Qatar's emir skipped a Gulf summit in Riyadh on Tuesday that had been pilled as a potential "reconciliation conference" amid signs of a thaw between Doha and a Saudi-led bloc.
Despite the no-show, Saudi Arabia's King Salman and the Qatari prime minister exchanged smiles and pleasantries when the Doha delegation arrived in Riyadh.
"The people of Qatar, welcome, to your second country," said the commentator on Saudi state television, in warm words that could still bode well for regional diplomacy.
Saudi Arabia, the United Arab Emirates, Bahrain and Egypt cut all diplomatic and transport ties with Qatar in June 2017 over allegations it backs radical Islamists, including the Muslim Brotherhood, and seeks closer ties with Saudi arch rival Tehran.
Qatar vehemently denies the allegations.
The emir, Sheikh Tamim bin Hamad Al-Thani, sent Prime Minister Abdullah bin Nasser bin Khalifa Al-Thani in his place to the annual summit of the Gulf Cooperation Council.
Hopes of reconciliation have been raised by indications of a detente between Qatar and its former allies despite Doha's refusal to heed demands put forward by the boycotting countries.
Following Saudi King Salman's invitation to the emir, Qatar's foreign minister said there had been "some progress" in talks with Riyadh.
In a U-turn last month, three of the boycotting countries sent teams to a regional football tournament hosted by Qatar, leading to speculation of an imminent diplomatic breakthrough.
Some Gulf watchers had anticipated that Tuesday's summit would blossom into a "reconciliation conference", leading to concrete steps to end the crisis.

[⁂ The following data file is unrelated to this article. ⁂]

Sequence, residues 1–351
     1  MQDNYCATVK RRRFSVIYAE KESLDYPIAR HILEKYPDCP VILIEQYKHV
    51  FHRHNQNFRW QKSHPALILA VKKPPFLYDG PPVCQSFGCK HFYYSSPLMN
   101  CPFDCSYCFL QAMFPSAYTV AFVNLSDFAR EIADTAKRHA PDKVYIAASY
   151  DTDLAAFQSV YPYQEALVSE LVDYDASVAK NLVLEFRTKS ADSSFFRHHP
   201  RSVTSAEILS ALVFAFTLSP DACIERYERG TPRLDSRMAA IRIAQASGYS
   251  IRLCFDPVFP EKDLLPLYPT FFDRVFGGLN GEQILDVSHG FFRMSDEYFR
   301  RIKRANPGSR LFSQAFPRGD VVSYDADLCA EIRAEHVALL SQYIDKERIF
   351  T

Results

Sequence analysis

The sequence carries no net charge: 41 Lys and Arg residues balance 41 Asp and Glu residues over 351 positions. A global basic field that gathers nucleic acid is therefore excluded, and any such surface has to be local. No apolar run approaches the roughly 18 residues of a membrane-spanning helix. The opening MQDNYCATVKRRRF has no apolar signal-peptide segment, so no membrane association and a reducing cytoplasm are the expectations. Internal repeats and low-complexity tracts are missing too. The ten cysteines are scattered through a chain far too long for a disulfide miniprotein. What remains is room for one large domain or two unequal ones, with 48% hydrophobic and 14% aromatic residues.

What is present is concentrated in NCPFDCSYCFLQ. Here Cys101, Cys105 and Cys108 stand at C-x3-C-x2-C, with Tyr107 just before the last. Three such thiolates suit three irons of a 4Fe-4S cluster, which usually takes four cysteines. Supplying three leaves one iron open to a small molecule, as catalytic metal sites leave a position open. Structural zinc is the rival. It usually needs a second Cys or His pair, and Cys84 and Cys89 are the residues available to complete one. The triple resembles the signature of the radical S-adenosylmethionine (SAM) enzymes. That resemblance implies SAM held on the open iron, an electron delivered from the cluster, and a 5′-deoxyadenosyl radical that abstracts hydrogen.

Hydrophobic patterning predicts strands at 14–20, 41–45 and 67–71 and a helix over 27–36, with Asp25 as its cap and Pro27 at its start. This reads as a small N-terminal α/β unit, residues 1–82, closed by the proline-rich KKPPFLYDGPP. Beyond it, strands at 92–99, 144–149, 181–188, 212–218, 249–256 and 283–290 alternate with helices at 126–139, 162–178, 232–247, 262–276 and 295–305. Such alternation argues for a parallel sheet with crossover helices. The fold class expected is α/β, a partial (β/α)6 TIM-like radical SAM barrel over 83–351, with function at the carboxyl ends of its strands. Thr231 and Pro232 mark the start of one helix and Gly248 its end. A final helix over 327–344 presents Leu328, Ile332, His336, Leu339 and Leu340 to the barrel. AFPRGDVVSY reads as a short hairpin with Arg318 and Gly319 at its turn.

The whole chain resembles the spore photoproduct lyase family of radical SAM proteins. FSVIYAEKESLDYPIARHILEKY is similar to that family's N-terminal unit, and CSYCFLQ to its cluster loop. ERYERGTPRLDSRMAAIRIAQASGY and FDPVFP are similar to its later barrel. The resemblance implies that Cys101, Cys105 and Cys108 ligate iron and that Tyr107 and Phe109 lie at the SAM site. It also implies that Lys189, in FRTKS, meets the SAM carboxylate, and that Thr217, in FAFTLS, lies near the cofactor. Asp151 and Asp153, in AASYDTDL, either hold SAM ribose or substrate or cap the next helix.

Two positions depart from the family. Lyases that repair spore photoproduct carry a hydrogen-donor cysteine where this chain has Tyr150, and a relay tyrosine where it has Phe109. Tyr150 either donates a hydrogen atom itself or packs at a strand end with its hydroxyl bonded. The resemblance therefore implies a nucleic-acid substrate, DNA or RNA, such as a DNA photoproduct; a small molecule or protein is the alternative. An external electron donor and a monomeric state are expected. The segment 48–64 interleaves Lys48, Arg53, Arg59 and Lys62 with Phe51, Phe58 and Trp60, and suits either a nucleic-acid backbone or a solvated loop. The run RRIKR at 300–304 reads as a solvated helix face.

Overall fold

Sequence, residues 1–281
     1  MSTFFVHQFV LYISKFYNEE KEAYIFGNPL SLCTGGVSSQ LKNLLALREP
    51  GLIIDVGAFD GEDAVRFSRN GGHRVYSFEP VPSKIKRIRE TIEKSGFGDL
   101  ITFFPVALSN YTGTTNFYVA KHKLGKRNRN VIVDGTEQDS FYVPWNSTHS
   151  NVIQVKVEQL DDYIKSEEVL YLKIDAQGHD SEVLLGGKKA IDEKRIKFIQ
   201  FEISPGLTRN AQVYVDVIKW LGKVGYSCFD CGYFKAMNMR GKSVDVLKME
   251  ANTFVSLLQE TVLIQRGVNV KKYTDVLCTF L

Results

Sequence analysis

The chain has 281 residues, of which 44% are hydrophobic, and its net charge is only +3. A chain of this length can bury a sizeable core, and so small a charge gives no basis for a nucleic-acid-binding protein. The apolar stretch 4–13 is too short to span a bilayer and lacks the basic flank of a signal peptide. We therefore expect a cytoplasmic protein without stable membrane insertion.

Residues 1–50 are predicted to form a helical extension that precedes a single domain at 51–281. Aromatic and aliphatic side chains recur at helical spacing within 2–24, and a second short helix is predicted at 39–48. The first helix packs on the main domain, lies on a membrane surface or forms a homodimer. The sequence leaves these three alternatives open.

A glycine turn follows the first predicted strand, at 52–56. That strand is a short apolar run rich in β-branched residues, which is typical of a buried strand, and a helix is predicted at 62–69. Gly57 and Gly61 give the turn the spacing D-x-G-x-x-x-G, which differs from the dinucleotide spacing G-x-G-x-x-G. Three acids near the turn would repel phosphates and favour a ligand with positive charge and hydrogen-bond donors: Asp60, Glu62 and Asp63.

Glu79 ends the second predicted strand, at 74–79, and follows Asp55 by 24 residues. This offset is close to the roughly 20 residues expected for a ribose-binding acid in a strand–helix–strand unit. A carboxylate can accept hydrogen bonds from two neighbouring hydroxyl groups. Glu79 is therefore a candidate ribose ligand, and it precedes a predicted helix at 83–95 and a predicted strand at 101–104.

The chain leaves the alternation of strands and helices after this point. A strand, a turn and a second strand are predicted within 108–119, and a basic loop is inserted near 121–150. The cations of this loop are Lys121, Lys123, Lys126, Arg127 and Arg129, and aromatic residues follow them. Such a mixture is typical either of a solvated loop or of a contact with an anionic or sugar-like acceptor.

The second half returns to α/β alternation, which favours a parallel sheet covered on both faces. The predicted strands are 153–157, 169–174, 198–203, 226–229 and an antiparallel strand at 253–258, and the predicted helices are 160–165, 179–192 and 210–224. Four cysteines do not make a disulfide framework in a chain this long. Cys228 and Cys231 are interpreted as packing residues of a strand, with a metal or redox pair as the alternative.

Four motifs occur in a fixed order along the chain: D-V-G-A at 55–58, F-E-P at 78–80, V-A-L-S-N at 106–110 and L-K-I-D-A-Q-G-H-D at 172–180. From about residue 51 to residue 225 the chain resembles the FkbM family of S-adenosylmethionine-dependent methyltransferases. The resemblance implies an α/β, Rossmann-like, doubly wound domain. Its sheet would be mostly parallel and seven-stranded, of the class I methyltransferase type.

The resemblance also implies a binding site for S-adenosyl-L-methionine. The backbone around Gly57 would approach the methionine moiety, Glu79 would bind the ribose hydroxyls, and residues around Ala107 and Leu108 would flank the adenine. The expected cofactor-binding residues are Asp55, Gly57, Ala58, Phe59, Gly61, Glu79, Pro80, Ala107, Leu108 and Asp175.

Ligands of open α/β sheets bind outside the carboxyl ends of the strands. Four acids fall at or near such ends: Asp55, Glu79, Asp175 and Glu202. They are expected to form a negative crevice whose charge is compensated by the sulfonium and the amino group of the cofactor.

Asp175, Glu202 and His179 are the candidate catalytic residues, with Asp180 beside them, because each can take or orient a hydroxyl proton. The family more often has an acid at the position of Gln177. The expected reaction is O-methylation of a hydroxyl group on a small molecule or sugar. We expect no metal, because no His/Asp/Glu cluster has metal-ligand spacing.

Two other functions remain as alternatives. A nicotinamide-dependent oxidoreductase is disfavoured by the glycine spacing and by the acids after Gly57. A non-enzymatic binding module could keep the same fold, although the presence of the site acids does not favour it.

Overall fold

But many Saudi observers remained skeptical, saying the king was only following protocol and had invited the Qatari leader to last year's summit as well.
- 'Incremental progress' -
The Qatari emir spurned that invitation and sent a representative instead, as he had to other summits since the crisis erupted in 2017.
Even though the emir will not attend the summit, negotiations to end the impasse are expected to continue, analysts say.
"Ending the Gulf rift is an incremental process of engagement and dialogue rather than something resolvable at a single summit meeting alone," said Kristian Ulrichsen, a fellow at Rice University's Baker Institute in the United States.
The Riyadh-led bloc has repeatedly said the crisis will not end until Qatar accepts its list of 13 demands, including that it shut down Al Jazeera, downgrade ties with Iran and close a Turkish military base on its territory. Doha has so far refused.
"Saudi Arabia's normalization with Qatar is likely to occur without major concessions from Doha," said Samuel Ramani, a doctoral researcher at Oxford University.
"It is possible that Qatar could scale back its links with the Muslim Brotherhood, but it is certainly not planning on reducing its diplomatic ties with Turkey and Iran as trust between Doha and other GCC countries has been severely damaged."
Analysts say the spat has hurt the blockading countries more than Qatar.
Saudi Arabia now appears to be taking a more conciliatory approach after adopting a combative foreign policy under de facto leader Crown Prince Mohammed bin Salman that has spooked investors.
But some of the other blockading countries are not as eager to step back.
Two sources familiar with the negotiations, including an Arab diplomat, told AFP that hardliners in Abu Dhabi -- Riyadh's principal ally -- are opposed to a restoration of ties.
Qatar's prime minister attended a series of talks in Saudi Arabia in May, one of the first high-level contacts of the two-year boycott.
But even before the Saudi-led blockade, relations had been rocky, in part because of Qatar-based broadcaster Al Jazeera's critical coverage of the region's affairs and Doha's support for the Arab Spring uprisings of 2011.
The rift has seen the two sides trade barbs on everything from access to the Muslim holy city of Mecca to alleged Twitter hacking.
It has also seen families divided and Qatari businesses face increased costs as well as complicated regional travel and diplomacy.
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